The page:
I’d say second verse, same as the first, but it’d only be because I really enjoy that line.
While there was plenty of hype and hoopla surrounding that first preseason game – and for good reason – the actual game was pretty bleh (technical term). he Lakers shot just 29% and while there were plenty of highlights, the Jazz pulled away late. To his credit, Byron Scott started with the lineup most fans anticipated, but the rotations were definitely worth questioning.
It is worth noting, though, that the lineup Scott started with is much more important moving forward than how he dolled out minutes in a preseason game. This isn’t remotely close.
From last game to Tuesday night, it’d be nice to see a little more mixture of the first and second units. Sunday night, thanks in part to injuries, the group off the bench had no one to create for others. When Marcelo Huertas is available (he’s out both thanks to a Visa and hamtring issue), that playmaker is there when all the starters are out. Basically, any lineup featuring both Lou Williams and Jabari Brown in the backcourt will struggle to find any kind of rhythm in half-court sets.
That was really my lone major complaint in terms of decision-making on Scott’s part Sunday. Overall, it’s tough – if not impossible – to install anything on either side of the ball with little less than a week of training camp to work with. So, in Tuesday night’s game, it would be nice to see a little more rhythm on each side of the ball.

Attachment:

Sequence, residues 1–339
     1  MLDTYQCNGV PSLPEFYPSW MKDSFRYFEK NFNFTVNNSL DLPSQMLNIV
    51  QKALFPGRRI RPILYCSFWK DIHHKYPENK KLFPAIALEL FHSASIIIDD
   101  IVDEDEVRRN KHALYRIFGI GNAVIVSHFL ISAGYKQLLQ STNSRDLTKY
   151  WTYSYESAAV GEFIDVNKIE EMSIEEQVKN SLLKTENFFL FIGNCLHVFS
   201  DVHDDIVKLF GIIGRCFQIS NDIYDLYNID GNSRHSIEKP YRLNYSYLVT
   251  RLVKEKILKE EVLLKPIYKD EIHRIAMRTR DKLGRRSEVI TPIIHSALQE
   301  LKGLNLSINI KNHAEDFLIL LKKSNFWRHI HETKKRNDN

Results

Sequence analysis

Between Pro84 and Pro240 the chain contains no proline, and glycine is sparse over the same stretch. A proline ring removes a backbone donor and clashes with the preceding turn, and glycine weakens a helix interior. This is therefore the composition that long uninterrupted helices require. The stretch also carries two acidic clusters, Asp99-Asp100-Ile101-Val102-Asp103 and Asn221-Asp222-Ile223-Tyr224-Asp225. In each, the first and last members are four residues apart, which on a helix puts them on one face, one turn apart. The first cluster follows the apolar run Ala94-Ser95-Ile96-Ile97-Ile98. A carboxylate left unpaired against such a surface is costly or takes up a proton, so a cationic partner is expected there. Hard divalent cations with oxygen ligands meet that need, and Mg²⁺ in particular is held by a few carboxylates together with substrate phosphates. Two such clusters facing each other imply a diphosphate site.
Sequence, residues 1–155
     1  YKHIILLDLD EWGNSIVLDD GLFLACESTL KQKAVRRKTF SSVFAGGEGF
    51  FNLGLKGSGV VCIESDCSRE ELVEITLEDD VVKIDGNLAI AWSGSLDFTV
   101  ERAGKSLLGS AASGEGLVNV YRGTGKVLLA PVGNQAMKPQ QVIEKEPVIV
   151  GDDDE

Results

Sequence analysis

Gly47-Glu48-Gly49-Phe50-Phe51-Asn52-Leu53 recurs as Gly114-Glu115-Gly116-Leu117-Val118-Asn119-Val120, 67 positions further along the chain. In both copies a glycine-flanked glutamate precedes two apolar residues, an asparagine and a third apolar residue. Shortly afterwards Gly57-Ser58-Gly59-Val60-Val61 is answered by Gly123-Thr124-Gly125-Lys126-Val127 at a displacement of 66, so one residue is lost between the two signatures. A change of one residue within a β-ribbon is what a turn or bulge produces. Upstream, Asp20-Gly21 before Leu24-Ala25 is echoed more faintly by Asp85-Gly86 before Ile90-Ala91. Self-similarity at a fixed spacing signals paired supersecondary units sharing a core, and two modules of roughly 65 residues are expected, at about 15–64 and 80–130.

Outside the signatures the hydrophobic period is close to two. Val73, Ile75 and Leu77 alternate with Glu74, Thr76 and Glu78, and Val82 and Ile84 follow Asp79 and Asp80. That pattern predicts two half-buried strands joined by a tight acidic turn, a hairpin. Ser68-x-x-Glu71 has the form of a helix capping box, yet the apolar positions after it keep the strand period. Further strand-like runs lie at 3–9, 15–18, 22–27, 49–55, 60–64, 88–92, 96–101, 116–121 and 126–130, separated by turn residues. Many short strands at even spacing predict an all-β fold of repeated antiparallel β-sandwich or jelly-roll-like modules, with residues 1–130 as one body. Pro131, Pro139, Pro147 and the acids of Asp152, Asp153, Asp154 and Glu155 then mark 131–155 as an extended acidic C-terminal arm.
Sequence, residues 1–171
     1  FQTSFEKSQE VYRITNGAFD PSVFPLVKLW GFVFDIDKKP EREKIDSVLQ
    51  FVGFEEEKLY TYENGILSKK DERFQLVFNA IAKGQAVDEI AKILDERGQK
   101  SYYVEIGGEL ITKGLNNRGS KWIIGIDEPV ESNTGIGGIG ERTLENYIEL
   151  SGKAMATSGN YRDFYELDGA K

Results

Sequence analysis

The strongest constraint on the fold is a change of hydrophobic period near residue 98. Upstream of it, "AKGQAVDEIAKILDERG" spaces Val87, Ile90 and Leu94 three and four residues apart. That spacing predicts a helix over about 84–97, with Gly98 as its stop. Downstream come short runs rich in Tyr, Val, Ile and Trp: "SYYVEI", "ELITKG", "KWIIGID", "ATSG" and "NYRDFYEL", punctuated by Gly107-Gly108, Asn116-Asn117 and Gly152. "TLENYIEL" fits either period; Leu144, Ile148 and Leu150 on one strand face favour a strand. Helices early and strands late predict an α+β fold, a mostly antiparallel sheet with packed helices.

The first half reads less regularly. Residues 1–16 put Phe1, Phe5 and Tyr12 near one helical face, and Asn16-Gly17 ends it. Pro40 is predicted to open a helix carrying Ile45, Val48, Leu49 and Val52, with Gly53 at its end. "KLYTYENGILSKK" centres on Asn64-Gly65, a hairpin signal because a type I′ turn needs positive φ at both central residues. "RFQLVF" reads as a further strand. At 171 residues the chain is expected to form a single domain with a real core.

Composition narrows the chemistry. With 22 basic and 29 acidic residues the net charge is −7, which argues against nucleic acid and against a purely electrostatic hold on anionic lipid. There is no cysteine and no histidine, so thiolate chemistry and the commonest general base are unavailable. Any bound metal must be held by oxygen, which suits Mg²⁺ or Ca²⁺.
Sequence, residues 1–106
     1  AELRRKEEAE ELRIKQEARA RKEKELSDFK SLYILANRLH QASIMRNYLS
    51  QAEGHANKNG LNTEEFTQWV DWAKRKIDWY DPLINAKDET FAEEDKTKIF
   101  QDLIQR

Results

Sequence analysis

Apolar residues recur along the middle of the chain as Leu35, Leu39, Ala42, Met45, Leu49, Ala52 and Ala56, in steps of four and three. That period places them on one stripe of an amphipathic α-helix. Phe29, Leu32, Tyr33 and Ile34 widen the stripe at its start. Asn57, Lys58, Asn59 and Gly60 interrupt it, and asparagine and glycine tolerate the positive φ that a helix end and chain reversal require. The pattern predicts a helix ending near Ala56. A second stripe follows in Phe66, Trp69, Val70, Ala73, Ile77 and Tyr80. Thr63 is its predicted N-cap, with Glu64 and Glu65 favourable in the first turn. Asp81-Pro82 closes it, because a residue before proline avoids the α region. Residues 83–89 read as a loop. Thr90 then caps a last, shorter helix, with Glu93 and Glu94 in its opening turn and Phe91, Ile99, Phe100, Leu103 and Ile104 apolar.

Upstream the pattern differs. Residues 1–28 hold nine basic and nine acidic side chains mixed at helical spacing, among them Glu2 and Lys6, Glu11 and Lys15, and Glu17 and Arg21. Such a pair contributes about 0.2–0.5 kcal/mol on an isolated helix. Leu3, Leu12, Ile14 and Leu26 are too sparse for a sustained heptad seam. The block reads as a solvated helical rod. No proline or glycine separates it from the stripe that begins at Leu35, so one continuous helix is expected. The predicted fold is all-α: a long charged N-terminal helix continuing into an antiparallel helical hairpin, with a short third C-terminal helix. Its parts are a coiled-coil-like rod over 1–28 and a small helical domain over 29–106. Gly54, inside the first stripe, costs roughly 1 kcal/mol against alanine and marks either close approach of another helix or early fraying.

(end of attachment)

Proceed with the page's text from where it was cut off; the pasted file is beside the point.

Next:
As the Lakers reportedly cut back on two-a-days, we might also see slightly more lively legs on all over the court. Those poor rims took a beating Sunday night as jumper after jumper fell short. Additionally, the tendency in players’ first games is to be nervous and aim jumpers. For both D’Angelo Russell and Julius Randle, Sunday marked their first considerable NBA action in a year, if ever. Those nerves should be at least slightly calmed with that experience behind them.
More generally, it would be nice to see the units get into their sets a little more quickly on offense in the half court. Scott’s Princeton offense can get cumbersome when actions take so long to occur, leaving guys in positions where they’re forced to create a shot against both the defense and the shot clock. No, a day’s worth of practice will not resolve this issue in any noticeable fashion, but anything will help.
The number one takeaway I had from Sunday night was how much more excited I was before, during and after the game. As I was driving around today, I legitimately realized they had lost the game. In no way am I saying the outcome of these games matter, but progress is undoubtedly crucial.
D’Angelo Russell: Probable (foot)
Jabari Brown: Questionable (hand)
Anthony Brown: Questionable (shoulder)
Marcelo Huertas: Out (Visa, hamstring)